Little more than a year after Nevada City hired a new part-time police chief, the state’s employee pension agency is forcing the town to initiate a process to seek a more “permanent” police chief — a move that could see Chief Jim Wickham replaced a lot sooner than originally expected.
“(CalPERS) is absolutely the problem,” said City Manager David Brennan.
“PERS does not care about a local governments’ financial situations. They are only concerned with getting as many people paying into the system as possible.”
The matter comes on the heels of the city’s previously fledgling budget being propped up by a 3/8-cent sales tax increase approved in 2012 that put its overall sales tax at 8.50 percent.
The increase was approved by more than three-fourths of voters in November and took effect at the beginning of April with first revenues expected at the end of July.
Part of the city’s justification for needing close to $400,000 extra in the first year alone was that the city had lost $487,000 in tax revenue from 2008-09 levels — forcing the city to staff some of its most prominent positions with part-timers, including the city manager, city attorney, city engineer and the police chief.
These positions were staffed with retirees, able to subsist on their part-time incomes thanks, in part, to their pensions. As long as they didn’t work more than part-time hours, the city saved the cost of funding those positions’ pensions, which also kept those employees from so-called “double dipping” into the pension program.
“As annuitants, we have saved the city hundreds of thousands of dollars,” Brennan said.
But the cost-saving tactic of part-time retirees has been challenged by CalPERS, California Public Employees’ Retirement System.
In response, Brennan, City Engineer Bill Falconi and City Attorney Hal DeGraw altered their employments with the city. None technically work for the city anymore, Brennan said.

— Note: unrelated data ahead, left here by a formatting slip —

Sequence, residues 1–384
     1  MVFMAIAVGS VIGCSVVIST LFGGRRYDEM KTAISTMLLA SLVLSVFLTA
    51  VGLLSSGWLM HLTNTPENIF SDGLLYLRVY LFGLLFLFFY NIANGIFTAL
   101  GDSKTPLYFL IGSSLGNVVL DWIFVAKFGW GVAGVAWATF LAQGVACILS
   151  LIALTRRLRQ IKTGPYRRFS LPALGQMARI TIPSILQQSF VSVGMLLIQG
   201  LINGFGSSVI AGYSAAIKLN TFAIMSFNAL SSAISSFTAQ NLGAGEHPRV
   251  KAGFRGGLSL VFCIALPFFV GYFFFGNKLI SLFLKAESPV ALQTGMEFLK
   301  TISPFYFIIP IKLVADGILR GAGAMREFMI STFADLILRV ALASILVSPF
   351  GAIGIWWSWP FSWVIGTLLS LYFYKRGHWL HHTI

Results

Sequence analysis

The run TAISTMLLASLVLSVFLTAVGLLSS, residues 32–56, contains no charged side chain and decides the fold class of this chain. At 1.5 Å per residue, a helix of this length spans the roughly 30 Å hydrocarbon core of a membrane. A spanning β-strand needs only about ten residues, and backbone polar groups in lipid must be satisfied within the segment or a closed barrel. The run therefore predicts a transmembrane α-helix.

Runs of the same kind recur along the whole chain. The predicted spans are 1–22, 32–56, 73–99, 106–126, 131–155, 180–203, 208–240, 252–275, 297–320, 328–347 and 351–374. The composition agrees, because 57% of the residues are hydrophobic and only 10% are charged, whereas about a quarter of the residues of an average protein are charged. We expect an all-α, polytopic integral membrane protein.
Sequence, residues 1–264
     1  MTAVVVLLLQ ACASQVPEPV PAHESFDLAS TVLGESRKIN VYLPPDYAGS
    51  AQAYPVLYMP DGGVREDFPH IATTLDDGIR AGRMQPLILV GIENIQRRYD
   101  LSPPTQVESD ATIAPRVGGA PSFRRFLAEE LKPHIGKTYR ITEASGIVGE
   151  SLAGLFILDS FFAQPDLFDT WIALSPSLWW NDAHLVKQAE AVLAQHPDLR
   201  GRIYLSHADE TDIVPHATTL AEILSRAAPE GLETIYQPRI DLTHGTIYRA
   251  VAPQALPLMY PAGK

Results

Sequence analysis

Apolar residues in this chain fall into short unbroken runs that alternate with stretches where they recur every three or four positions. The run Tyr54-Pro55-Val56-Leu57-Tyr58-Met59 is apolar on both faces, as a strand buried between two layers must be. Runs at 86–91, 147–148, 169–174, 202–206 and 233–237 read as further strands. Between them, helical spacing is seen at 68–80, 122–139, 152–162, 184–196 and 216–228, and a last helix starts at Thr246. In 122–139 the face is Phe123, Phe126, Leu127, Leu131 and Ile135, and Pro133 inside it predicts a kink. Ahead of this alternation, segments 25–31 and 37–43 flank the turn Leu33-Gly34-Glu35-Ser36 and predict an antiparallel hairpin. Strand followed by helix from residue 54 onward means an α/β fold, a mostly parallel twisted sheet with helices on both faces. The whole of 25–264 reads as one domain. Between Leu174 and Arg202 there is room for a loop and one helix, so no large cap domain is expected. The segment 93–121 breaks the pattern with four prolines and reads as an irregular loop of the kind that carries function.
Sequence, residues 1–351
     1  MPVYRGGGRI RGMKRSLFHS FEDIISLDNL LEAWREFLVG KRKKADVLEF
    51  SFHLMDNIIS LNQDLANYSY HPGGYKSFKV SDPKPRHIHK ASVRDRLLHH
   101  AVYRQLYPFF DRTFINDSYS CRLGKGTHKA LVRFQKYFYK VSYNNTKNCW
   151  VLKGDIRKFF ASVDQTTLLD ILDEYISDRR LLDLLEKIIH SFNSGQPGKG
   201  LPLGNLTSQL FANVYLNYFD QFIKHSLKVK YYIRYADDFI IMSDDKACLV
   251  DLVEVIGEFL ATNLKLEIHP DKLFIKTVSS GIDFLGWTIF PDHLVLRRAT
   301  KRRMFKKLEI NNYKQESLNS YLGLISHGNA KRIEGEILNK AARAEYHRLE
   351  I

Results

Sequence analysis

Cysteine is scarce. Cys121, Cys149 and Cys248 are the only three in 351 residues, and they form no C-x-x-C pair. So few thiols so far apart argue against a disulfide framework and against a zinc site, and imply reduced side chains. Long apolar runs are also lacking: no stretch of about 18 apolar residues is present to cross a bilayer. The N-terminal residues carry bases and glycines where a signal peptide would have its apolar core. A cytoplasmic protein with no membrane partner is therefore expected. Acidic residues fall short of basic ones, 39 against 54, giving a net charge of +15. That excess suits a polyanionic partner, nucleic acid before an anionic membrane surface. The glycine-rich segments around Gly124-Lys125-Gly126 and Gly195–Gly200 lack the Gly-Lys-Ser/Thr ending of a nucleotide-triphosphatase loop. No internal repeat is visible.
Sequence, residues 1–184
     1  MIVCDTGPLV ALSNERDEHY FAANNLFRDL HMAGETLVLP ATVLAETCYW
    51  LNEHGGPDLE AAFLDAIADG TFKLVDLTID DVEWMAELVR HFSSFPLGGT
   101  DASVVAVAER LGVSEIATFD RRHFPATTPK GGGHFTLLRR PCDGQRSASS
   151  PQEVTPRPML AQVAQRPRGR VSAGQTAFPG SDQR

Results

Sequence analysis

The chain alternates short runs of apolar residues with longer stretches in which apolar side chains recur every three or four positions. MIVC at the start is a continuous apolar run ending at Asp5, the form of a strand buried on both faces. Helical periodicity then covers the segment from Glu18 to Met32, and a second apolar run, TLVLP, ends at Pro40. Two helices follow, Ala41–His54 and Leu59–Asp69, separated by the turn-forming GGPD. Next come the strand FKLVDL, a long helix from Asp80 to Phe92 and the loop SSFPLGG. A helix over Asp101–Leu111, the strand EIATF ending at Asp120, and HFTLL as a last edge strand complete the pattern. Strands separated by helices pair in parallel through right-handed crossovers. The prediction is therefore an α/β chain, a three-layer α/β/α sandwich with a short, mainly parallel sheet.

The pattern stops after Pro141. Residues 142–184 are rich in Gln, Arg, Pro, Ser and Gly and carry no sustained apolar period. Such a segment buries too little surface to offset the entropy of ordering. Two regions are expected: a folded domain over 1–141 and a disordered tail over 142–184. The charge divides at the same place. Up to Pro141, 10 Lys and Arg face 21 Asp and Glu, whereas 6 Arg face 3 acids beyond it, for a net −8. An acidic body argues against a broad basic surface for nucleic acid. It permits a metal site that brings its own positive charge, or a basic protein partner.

Instead, all three of their positions became contracted, as listed on the city’s website. Today, those positions are essentially outsourced to third-party entities for whom Brennan, DeGraw and Falconi work.
While CalPERS’ regulations don’t address the employment of those three positions, the police chief must be a city employee or outsourced to the sheriff’s department, Brennan said.
And CalPERS requires that if a council-appointed position is held by an annuitant, the city must hold an active recruitment for a regular employee concurrently, Brennan said.
“The current PERS regulations, they are really strict on their restrictions on when you can use an annuitant,” Brennan said.
Nevada City had already anticipated an eventual Wickham departure.
“I told them when I came on board that I would act as an interim chief and help them through their financial program,” Wickham said.
But Nevada City didn’t expect his departure to occur for another year and a half, Brennan said. In fact, Brennan said the city was beginning to initiate a new, 18-month contract with Wickham that would have included specific objectives and his initiation of finding his own replacement.
“There are some things Jim is working on that we would like to see completed before we bring someone else on board,” Brennan said.
However, when the city ran the contract past CalPERS, they objected, citing the ongoing recruitment stipulation.
“We don’t believe we are there yet to hire a full-time chief,” Brennan said.
There is also a disagreement as to who appoints the police chief.
Nevada City relegates that administrative function to the office of city manager, but CalPERS dictates that a city council holds that authority, Brennan said, and Nevada City does not have resources to battle CalPERS on the distinction.
Brennan compared such a showdown as David versus Goliath.
Instead, the Nevada City Council has scheduled a “discussion and authorization for initiating recruitment for police chief,” according to the agenda for its April 24 meeting.
That item proposes a more-than part time, but less-than full-time police chief, Brennan said.
The city staff report indicates such an increase would be associated with an additional $3,000 impact on the police department budget. The city’s website lists notes that its interim police chief collects a $48,000 annual salary.
Wickham is not interested in applying for a more than part-time position that could jeopardize his Mill Valley Police Department pension, he said.
Should council initiate the recruitment process to fall in line with CalPERS’ restrictions, the city would begin a process to publicize the job.
In that time frame, the city would likely interview candidates in September, the staff report notes.
“We’ll see how it plays out,” Wickham said.
To contact Staff Writer Christopher Rosacker, email email@example.com or call 530-477-4236.